Seventy-one percent of U.S. residents would support a 10-cent increase in the 18.4 cents-per-gallon gas tax that is used to pay for federal transportation projects, according to a new poll released this week.
The survey, conducted by the San Jose, Calif.-based Mineta Transportation Institute, comes as lawmakers are facing an Oct. 29 deadline for renewing federal infrastructure spending that has been the subject of debate in Washington for most of the year.
Support for increasing the gas tax to 28 cents-per-gallon drops to 31 percent if the money is used to "maintain and improve the transportation system" instead of "improve road maintenance," according to the group.
The gas tax has been used to pay for road and transit projects since the 1930s, but the levy has not been increased since 1993. Transportation advocates have been suggesting the idea of increasing the gas tax for the first time in more than decades to make up the difference.
The gas tax, which pre-dates the development of the Interstate Highway System by nearly two decades, has been the primary funding source for federal transportation projects since its creation in the 1930s.
Receipts from the gas tax have been outpaced by transportation expenses by about $16 billion annually in recent years as construction costs have risen and cars have become more fuel efficient.
The current level of federal spending on transportation is about $50 billion per year, but the gas tax only brings in about $34 billion annually at its current rate.
Transportation advocates have argued that increasing the gas tax would be the easiest way to close the gap. Lawmakers have been reluctant to ask drivers to pay more at the pump, however, viewing a gas tax increase as politically toxic.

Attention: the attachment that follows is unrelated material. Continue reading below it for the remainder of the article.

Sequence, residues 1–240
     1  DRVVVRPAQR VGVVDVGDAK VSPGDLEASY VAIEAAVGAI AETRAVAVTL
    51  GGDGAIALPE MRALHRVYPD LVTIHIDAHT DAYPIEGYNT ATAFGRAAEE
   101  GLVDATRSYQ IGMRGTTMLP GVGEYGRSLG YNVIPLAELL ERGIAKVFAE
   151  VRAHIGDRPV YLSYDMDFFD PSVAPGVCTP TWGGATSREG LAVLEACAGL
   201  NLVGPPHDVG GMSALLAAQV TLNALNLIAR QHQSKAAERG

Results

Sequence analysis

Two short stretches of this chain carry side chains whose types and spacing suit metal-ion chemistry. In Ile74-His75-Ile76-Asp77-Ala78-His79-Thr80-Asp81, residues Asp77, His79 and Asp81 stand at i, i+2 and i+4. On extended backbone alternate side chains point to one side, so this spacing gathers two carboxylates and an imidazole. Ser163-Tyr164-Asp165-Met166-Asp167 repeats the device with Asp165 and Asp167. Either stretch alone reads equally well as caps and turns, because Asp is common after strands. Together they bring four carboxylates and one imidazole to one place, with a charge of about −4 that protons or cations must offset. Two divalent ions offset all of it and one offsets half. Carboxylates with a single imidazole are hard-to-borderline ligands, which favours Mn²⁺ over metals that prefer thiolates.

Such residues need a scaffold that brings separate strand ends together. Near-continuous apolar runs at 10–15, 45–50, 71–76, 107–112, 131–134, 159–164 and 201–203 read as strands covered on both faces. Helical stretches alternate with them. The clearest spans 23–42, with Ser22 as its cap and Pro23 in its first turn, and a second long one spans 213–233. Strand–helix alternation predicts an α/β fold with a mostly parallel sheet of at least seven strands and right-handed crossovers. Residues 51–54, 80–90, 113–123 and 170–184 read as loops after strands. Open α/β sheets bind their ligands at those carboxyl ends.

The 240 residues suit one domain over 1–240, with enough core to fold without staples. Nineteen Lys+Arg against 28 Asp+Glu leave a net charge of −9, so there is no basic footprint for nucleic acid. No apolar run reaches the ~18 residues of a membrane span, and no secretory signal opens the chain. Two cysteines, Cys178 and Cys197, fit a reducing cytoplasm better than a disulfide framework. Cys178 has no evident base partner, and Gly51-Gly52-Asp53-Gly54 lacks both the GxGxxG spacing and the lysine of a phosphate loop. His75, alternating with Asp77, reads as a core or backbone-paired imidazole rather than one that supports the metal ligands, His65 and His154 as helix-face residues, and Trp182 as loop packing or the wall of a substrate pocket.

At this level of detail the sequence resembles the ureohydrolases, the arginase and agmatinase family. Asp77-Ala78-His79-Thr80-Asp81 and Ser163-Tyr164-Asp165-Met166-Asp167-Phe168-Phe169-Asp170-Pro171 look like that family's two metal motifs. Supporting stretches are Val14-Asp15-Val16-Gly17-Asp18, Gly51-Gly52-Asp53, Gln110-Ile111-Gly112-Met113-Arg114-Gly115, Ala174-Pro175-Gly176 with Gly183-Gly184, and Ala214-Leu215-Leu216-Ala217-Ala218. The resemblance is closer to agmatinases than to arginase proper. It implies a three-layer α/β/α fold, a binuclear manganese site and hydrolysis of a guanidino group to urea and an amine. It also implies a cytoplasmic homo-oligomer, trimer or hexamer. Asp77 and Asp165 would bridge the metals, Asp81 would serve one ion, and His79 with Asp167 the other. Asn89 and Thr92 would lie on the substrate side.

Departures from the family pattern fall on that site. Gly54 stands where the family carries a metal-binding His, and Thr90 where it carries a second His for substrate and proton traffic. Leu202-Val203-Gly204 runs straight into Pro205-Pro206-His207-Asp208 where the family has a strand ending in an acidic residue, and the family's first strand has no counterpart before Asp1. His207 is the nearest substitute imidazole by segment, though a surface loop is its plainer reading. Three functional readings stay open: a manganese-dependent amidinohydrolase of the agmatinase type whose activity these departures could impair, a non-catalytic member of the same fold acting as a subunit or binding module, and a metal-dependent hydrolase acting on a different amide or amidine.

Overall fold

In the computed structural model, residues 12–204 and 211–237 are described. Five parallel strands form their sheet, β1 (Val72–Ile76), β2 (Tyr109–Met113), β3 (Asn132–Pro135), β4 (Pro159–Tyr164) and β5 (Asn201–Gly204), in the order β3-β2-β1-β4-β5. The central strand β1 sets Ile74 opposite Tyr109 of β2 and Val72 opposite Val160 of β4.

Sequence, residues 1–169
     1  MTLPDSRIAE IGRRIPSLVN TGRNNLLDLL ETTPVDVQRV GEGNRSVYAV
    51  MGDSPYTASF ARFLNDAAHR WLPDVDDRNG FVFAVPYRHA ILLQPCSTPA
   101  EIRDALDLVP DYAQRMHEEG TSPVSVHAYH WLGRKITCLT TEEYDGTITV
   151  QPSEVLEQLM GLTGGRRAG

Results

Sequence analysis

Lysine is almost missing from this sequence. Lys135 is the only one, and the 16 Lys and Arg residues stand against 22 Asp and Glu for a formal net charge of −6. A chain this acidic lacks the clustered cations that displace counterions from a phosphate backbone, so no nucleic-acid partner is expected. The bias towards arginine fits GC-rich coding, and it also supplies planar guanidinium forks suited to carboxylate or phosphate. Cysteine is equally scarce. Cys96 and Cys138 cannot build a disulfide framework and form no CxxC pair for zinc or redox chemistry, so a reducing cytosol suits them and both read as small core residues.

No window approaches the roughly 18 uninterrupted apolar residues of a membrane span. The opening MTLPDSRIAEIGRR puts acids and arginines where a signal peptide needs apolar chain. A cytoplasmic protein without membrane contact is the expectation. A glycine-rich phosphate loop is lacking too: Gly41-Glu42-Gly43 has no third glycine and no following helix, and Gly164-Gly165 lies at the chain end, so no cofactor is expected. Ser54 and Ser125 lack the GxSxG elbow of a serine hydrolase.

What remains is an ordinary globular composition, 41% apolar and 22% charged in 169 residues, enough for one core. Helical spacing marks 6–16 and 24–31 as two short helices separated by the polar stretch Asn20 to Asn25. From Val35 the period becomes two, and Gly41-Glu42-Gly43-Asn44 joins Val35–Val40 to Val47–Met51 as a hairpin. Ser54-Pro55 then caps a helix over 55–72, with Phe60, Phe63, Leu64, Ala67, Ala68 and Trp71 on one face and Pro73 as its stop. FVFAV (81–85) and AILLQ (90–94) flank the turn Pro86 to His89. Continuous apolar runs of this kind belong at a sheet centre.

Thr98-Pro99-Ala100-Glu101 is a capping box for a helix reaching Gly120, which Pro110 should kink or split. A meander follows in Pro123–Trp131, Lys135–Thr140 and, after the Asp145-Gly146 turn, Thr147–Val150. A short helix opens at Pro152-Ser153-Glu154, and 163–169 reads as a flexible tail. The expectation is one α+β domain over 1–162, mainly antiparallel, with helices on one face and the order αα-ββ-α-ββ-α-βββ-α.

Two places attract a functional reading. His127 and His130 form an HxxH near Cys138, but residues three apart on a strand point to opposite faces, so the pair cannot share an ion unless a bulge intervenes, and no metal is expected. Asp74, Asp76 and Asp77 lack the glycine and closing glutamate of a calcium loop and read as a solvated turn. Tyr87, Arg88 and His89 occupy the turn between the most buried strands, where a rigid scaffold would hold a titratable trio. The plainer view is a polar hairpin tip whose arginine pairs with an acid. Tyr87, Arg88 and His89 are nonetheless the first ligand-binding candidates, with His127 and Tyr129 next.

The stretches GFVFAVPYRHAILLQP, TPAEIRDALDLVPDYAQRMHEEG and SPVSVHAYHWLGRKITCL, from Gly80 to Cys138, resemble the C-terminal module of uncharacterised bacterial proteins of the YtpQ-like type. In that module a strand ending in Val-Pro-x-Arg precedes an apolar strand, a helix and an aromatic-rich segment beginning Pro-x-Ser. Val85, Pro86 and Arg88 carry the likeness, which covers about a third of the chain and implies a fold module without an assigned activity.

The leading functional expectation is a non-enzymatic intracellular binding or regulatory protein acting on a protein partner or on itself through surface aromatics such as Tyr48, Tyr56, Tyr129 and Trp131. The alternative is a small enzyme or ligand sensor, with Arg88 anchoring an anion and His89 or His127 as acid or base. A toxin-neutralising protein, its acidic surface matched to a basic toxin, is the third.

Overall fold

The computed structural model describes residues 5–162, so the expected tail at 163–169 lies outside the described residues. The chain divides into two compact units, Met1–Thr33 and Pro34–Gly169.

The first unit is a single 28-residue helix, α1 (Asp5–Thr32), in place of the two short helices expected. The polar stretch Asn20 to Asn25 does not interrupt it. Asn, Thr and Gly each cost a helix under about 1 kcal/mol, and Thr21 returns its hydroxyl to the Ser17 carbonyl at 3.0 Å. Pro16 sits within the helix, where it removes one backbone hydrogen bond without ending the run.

Congress has instead turned to other areas of the federal budget in recent years to close the gap in lieu of asking drivers to pay more at the pump. However, critics say the temporary bandages are contributing to a weakened national infrastructure.
Congress had a chance to pass a multi-year transportation funding package earlier this year, but lawmakers could not agree on a way to pay for more than a couple of months’ worth of projects, resulting in a temporary extension that lasts only until Oct. 29.
The approximately $8 billion patch that was passed in July, which reauthorized the collection of the gas tax but did not increase it, was intended only to prevent a bankruptcy in the Department of Transportation’s Highway Trust Fund.
The trust fund had been scheduled to run out of money this month without congressional action.
A proposal to tax drivers based on how many miles they travel instead of how many gallons they buy, which is currently being tested in Oregon, was far less popular than increasing the gas tax, drawing only 24 percent support, according to the group.
The full results of the study can be read here.